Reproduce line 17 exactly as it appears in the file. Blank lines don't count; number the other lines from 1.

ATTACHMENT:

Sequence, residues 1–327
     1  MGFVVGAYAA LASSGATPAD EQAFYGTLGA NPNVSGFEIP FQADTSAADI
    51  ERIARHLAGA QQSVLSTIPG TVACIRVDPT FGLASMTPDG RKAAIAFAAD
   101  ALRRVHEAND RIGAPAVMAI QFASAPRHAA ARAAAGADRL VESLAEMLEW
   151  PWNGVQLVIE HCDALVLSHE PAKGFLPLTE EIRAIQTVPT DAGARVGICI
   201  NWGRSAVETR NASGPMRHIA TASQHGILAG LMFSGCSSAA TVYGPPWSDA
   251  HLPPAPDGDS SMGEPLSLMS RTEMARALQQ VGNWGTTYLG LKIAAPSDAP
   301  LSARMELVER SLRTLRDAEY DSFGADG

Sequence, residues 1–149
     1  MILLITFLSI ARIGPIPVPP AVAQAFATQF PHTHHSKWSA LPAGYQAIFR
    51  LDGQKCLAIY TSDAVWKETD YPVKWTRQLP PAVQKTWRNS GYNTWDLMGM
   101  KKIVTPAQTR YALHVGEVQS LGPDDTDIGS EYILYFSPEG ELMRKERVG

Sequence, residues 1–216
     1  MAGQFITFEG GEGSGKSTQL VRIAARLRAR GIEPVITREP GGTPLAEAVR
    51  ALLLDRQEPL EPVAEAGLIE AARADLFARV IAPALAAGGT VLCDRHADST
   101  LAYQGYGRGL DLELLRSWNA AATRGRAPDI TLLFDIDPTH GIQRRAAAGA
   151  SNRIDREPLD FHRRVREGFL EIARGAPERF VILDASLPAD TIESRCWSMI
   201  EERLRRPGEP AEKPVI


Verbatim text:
   151  SNRIDREPLD FHRRVREGFL EIARGAPERF VILDASLPAD TIESRCWSMI